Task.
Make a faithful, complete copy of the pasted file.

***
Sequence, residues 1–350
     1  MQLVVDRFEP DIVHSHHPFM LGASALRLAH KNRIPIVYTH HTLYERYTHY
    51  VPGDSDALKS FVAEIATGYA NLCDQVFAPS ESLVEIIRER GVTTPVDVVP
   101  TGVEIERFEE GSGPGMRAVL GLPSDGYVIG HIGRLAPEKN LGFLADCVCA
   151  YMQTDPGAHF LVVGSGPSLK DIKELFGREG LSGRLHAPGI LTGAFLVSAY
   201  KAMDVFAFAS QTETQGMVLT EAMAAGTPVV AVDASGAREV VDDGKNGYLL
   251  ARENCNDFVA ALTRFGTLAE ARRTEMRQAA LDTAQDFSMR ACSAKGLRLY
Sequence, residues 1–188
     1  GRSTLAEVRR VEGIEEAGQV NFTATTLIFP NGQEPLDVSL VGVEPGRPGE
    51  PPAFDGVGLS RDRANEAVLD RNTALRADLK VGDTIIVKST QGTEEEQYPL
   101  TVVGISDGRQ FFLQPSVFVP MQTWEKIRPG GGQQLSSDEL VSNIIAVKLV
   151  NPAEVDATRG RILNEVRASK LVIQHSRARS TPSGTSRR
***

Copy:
Sequence, residues 1–350
     1  MQLVVDRFEP DIVHSHHPFM LGASALRLAH KNRIPIVYTH HTLYERYTHY
    51  VPGDSDALKS FVAEIATGYA NLCDQVFAPS ESLVEIIRER GVTTPVDVVP
   101  TGVEIERFEE GSGPGMRAVL GLPSDGYVIG HIGRLAPEKN LGFLADCVCA
   151  YMQTDPGAHF LVVGSGPSLK DIKELFGREG LSGRLHAPGI LTGAFLVSAY
   201  KAMDVFAFAS QTETQGMVLT EAMAAGTPVV AVDASGAREV VDDGKNGYLL
   251  ARENCNDFVA ALTRFGTLAE ARRTEMRQAA LDTAQDFSMR ACSAKGLRLY
Sequence, residues 1–188
     1  GRSTLAEVRR VEGIEEAGQV NFTATTLIFP NGQEPLDVSL VGVEPGRPGE
    51  PPAFDGVGLS RDRANEAVLD RNTALRADLK VGDTIIVKST QGTEEEQYPL
   101  TVVGISDGRQ FFLQPSVFVP MQTWEKIRPG GGQQLSSDEL VSNIIAVKLV
   151  NPAEVDATRG RILNEVRASK LVIQHSRARS TPSGTSRR